SAN FRANCISCO — The rollout of 5G wireless networks needs help in the form of standards, openness and streamlined government regulation, according to top engineers at some of North America's top wireless carriers and equipment providers. Even so, many believe it will happen much sooner than has been predicted.
Precisely what 5G is has yet to be concretely defined by the industry. The Next Generation Mobile Networks Alliance, an industry association of mobile carriers, has defined requirements for 5G including data rates, transmission speeds, spectral efficiency and latency. However, the industry has yet to come together on standards for 5G networks.
Nevertheless, firms are plunging ahead with 5G trials. Both Verizon and AT&T are currently conducting major 5G trials in several U.S. cities, and a number of trials are also being conducted by wireless operators in Europe and Asia. More extensive trials throughout the globe are planned for next year.
Broad deployment of 5G networks is not expected until the 2020 timeframe, according to Sam Lucero, a senior principal analyst for M2M at IoT at IHS Markit.
But despite the lack of standards, a number of speakers at last month's Mobile World Congress (MWC) Americas in San Francisco were more bullish on 5G and expectations for its rollout.
"We expect 5G to come faster and be broader than originally thought," said Rajeev Suri, president and CEO of Nokia. Suri said Nokia expects 5G networks to be deployed in 2019, with widespread trials next year.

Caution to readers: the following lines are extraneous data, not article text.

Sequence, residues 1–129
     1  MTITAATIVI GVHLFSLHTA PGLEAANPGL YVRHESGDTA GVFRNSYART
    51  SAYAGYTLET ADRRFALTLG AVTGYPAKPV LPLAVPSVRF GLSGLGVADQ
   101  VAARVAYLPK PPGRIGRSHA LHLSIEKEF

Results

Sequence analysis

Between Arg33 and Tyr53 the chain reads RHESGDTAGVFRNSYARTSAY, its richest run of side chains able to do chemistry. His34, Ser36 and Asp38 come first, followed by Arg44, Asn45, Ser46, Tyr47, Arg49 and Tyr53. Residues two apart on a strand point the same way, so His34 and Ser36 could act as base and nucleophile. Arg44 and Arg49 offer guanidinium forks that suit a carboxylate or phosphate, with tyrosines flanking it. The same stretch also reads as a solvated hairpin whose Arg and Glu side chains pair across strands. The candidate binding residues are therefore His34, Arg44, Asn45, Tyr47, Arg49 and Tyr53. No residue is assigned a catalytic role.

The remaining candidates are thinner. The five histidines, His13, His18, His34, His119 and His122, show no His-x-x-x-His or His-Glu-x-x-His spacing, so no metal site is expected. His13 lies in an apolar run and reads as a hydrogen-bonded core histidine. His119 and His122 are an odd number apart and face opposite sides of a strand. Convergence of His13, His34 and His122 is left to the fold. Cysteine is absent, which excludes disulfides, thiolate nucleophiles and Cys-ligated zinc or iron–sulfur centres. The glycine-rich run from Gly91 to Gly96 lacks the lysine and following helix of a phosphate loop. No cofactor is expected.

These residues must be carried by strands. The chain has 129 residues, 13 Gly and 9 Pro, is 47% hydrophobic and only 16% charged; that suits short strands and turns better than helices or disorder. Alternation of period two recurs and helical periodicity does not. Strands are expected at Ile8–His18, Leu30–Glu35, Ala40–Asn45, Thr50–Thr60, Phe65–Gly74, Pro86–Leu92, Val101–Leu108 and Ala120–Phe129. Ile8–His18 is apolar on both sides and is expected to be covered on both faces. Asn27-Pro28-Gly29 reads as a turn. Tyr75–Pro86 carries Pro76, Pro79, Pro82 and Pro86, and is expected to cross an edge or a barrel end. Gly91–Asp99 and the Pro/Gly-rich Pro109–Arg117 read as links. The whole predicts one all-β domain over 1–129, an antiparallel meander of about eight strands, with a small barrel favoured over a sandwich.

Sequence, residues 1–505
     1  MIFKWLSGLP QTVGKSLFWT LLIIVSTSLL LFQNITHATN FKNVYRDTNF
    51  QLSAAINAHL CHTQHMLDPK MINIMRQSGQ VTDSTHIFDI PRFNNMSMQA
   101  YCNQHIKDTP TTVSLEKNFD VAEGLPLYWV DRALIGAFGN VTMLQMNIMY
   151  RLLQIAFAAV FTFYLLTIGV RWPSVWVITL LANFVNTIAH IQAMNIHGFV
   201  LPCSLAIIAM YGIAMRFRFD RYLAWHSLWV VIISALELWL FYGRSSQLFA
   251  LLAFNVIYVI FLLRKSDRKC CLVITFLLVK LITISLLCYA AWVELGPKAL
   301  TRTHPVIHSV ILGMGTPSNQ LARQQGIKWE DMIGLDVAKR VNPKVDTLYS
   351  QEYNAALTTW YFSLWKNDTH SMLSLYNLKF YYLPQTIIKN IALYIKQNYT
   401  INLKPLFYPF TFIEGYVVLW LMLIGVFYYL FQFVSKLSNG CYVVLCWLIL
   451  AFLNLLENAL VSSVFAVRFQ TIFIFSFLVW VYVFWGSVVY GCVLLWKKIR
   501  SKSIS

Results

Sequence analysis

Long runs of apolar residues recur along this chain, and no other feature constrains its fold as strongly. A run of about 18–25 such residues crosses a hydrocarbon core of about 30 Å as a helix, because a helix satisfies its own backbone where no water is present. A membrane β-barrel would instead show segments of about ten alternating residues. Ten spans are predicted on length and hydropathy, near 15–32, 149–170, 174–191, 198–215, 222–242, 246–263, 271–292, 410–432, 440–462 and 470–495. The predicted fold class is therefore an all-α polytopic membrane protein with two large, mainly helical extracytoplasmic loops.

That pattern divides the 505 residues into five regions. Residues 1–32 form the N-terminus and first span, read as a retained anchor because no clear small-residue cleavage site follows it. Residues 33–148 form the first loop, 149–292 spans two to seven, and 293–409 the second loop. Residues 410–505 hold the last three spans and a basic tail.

Rajeev Suri, Nokia's CEO, speaks at the Mobile World Congress Americas in September.
Credit: Trish Tunney/GMSA
Speakers at a panel about 5G — including the chief technology officers of the largest wireless carriers in the U.S. — spoke glowingly about the promise of 5G even as they acknowledged that much remains to be done before the technology is ready to deploy on a large scale.
"4G is like a really good rock band," said Andre Feutsch, CTO at AT&T. "5G is like a finely tuned orchestra." He added that he sees n 5G a tremendous opportunity for advancing and "frankly making the network more relevant."
"From a network perspective, [5G] is an evolution," said Gordon Mansfield, vice president of RAN and device design at AT&T. "However, from a capability perspective it will be a revolution as it unfolds."
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